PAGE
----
Tuesday, February 14, 2017

Mother and Daughter Who Spent £50K On Facelift To Cure 'Ailment' Says The Effect Is Already Fading

A young woman who had a facelift at 16 because of a genetic condition that saw her nicknamed 'granny' has revealed her disorder is putting her life at risk.

Since the age of 12, Zara Hartshorn had regularly been mistaken for a woman in her 40s or 50s, due to a disease she inherited from her mother Tracey Gibson -# who herself was often mistaken for a pensioner despite being just 43.

The mother and daughter, from Rotherham, South Yorkshire, underwent matching £50,000 facelifts in the US to address the impact of their condition, which makes fat dissolve beneath tissue, giving the skin a prematurely wrinkled appearance, which Zara says saw her 'getting called granny and monkey'.

But four years on Zara, who was initially diagnosed with lipodystrophy only to learn she has the even more complicated Cutis Laxa, says the effects of her surgery are already fading. 
News of the diagnosis shocked Zara and Tracey and she said: 'Since I found out I had Cutis Laxa, I have literally done nothing about it. The last time I saw a doctor was in Texas, which isn't good.

'My health does worry me, but only when I think about it. Most of the time I'm oblivious to it, which isn't a good thing.'

Zara was more focused on her appearance than her health, and underwent a four-hour facelift performed by Dr Robert Ersek to shave years off her.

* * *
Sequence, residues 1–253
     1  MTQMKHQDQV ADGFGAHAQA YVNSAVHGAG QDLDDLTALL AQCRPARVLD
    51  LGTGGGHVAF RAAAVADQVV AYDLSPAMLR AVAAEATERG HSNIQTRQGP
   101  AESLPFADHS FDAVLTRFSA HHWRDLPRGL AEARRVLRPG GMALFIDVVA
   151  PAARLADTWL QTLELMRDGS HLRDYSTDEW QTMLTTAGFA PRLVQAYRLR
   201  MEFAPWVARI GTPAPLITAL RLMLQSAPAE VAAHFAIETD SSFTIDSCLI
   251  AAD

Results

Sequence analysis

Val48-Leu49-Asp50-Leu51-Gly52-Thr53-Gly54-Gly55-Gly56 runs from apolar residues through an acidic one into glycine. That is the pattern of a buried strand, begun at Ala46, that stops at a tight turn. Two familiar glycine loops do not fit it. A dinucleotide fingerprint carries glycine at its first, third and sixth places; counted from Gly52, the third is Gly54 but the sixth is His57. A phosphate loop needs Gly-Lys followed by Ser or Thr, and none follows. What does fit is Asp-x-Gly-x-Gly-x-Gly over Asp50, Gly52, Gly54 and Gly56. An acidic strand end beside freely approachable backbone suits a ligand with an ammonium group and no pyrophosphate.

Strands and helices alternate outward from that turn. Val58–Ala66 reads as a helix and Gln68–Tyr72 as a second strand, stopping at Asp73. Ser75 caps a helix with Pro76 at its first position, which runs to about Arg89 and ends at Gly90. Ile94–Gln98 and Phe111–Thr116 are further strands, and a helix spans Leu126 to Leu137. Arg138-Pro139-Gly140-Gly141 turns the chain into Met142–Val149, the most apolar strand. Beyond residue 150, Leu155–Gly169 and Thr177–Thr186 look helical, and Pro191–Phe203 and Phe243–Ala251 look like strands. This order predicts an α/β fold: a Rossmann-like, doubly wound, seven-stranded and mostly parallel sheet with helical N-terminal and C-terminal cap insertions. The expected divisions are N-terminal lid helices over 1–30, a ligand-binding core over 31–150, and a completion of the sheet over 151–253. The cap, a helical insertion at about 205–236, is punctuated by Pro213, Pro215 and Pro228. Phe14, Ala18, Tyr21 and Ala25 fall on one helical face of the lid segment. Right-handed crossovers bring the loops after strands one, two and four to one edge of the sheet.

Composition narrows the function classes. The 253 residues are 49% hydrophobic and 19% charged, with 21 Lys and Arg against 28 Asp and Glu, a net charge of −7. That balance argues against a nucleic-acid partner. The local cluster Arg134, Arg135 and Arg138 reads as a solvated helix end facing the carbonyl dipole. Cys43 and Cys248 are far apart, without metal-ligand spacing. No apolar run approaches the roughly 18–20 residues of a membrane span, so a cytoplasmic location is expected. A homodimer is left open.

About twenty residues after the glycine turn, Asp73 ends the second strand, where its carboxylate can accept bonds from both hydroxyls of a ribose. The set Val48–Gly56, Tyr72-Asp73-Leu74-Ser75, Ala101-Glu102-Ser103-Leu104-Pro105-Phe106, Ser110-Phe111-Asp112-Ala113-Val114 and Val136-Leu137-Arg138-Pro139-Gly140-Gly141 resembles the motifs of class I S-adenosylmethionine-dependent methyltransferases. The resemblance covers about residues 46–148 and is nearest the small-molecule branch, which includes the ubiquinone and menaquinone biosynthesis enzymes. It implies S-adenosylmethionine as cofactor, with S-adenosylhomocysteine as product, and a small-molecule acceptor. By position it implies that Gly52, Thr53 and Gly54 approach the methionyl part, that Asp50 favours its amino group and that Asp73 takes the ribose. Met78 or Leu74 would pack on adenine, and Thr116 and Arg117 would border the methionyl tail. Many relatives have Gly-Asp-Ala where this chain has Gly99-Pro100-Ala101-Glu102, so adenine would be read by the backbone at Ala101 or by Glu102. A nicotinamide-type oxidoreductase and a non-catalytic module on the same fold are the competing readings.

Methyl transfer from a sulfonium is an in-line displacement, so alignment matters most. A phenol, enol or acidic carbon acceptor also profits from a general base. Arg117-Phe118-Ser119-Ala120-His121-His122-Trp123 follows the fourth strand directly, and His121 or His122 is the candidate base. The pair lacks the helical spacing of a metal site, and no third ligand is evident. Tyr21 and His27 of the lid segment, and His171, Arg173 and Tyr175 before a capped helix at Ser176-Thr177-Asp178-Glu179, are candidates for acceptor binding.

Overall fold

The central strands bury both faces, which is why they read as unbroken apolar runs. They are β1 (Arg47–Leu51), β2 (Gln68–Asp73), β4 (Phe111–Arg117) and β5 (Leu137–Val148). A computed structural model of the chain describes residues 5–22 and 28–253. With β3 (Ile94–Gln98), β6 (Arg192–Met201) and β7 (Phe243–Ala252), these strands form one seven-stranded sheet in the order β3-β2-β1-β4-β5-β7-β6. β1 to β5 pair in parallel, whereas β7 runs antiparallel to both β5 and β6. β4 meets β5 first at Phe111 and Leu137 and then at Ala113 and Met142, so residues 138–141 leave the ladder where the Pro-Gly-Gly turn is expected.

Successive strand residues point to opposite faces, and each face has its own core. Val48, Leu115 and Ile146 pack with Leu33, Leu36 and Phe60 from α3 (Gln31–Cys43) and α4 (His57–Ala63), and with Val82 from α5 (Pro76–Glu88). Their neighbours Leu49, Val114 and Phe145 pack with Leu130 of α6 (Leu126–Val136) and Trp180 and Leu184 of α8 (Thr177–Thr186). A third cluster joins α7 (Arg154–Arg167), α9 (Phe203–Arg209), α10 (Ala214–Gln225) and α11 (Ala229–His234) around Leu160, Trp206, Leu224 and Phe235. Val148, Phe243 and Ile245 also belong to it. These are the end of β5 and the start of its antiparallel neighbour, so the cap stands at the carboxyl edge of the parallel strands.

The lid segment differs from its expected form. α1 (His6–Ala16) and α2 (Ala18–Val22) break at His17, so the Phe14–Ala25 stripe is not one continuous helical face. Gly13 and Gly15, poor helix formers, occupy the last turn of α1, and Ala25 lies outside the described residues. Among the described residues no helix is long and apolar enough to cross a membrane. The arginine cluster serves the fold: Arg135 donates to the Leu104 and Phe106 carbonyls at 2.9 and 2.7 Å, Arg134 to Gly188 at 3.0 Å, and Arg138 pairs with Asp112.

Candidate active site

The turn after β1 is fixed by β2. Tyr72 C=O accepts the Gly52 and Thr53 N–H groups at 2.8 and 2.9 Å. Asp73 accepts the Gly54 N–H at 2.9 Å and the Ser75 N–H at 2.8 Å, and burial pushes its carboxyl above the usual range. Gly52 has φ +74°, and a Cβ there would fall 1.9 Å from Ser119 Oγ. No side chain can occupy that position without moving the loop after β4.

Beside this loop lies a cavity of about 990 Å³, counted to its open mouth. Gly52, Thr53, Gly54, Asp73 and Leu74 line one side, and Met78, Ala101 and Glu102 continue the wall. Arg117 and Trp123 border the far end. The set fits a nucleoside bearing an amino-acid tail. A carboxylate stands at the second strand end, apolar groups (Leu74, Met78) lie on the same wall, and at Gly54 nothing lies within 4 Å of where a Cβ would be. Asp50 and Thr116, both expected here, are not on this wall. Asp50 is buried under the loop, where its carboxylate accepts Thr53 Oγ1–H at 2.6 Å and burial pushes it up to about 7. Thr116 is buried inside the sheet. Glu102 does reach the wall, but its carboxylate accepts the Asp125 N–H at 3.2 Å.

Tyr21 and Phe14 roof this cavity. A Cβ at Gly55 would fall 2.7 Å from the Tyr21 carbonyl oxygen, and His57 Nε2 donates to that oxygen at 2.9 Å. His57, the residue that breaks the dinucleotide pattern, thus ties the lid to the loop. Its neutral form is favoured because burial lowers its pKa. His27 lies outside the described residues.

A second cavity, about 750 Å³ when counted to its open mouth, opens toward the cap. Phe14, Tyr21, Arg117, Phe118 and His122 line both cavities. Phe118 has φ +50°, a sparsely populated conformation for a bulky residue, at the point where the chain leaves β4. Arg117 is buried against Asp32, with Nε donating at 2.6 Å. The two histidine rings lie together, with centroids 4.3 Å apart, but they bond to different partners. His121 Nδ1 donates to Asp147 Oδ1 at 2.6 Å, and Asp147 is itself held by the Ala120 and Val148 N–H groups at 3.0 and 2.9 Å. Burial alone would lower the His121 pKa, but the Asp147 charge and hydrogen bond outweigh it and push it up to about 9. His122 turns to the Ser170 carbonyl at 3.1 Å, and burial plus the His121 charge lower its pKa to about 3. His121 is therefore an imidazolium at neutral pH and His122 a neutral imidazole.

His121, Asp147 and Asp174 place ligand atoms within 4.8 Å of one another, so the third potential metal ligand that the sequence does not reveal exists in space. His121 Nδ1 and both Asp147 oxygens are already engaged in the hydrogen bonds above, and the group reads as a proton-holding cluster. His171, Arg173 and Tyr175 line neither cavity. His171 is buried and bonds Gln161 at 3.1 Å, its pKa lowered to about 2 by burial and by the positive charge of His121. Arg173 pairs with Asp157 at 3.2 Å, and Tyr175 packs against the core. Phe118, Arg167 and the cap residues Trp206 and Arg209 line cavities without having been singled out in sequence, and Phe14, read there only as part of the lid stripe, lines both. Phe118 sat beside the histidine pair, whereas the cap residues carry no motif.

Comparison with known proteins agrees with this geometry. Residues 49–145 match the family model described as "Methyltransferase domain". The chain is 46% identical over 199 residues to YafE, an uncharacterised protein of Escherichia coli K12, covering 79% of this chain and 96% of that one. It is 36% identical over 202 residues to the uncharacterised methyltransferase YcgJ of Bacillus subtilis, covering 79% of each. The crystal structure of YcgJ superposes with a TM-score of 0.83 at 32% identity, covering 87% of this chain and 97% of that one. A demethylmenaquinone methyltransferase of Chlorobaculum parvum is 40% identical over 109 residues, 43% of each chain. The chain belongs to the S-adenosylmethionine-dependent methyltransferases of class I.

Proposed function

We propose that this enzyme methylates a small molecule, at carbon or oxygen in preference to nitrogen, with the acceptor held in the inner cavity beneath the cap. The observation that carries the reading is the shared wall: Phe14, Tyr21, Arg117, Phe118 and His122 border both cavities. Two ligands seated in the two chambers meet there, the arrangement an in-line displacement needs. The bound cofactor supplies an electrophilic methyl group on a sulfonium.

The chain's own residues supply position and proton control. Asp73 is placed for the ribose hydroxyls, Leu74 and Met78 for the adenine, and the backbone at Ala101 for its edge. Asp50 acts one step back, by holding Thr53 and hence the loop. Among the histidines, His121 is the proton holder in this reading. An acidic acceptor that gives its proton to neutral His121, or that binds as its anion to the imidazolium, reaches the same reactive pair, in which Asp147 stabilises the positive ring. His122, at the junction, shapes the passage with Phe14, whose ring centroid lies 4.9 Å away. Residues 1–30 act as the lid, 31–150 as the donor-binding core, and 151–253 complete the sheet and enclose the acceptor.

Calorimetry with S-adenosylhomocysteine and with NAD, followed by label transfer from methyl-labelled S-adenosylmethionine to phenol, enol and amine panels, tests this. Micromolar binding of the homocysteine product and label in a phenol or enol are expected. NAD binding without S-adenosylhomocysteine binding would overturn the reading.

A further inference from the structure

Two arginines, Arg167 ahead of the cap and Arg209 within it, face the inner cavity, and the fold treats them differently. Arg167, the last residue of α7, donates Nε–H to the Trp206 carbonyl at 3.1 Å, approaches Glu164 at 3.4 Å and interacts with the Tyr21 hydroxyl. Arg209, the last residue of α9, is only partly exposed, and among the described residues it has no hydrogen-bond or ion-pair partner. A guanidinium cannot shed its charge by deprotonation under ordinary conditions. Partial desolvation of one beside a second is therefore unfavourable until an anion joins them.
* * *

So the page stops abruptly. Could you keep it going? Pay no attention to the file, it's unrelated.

Overjoyed with her new face, Zara brimmed with confidence, and Tracey also had a matching procedure soon after to finally look her age.

But four years on from the surgery, Zara's saggy skin has slowly returned and a family feud temporarily tore her and her mum apart.

However, Zara's health is starting to deteriorate and she finally found the courage to contact Dr Zsolt Urban, who has been studying the condition.

Speaking to the doctor online, she was told some devastating news - Cutis Laxa could cause her heart to fail at anytime.

She said: 'It is actually a serious illness and I'm disregarding it like it's not even serious. I'm terrified.'

Realising she'd been living in denial, Zara made the brave decision to have a thorough heart scan.

Fortunately, tests showed that Zara's heart was fine.

She said: 'I'm buzzing. I'm not going to die.'

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